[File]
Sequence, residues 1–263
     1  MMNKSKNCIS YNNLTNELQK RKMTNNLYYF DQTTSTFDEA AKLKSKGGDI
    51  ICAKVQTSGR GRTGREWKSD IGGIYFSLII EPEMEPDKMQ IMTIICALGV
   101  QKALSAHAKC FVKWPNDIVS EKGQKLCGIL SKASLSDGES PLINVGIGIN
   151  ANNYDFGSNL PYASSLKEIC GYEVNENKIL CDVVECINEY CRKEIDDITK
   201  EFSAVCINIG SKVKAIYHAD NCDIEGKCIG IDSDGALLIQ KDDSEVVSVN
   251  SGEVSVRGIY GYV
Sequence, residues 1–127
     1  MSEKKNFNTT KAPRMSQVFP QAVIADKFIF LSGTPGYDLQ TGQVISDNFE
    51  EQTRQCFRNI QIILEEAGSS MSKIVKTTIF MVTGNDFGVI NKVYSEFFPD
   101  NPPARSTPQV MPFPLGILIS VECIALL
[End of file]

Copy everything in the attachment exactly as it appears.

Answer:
Sequence, residues 1–263
     1  MMNKSKNCIS YNNLTNELQK RKMTNNLYYF DQTTSTFDEA AKLKSKGGDI
    51  ICAKVQTSGR GRTGREWKSD IGGIYFSLII EPEMEPDKMQ IMTIICALGV
   101  QKALSAHAKC FVKWPNDIVS EKGQKLCGIL SKASLSDGES PLINVGIGIN
   151  ANNYDFGSNL PYASSLKEIC GYEVNENKIL CDVVECINEY CRKEIDDITK
   201  EFSAVCINIG SKVKAIYHAD NCDIEGKCIG IDSDGALLIQ KDDSEVVSVN
   251  SGEVSVRGIY GYV
Sequence, residues 1–127
     1  MSEKKNFNTT KAPRMSQVFP QAVIADKFIF LSGTPGYDLQ TGQVISDNFE
    51  EQTRQCFRNI QIILEEAGSS MSKIVKTTIF MVTGNDFGVI NKVYSEFFPD
   101  NPPARSTPQV MPFPLGILIS VECIALL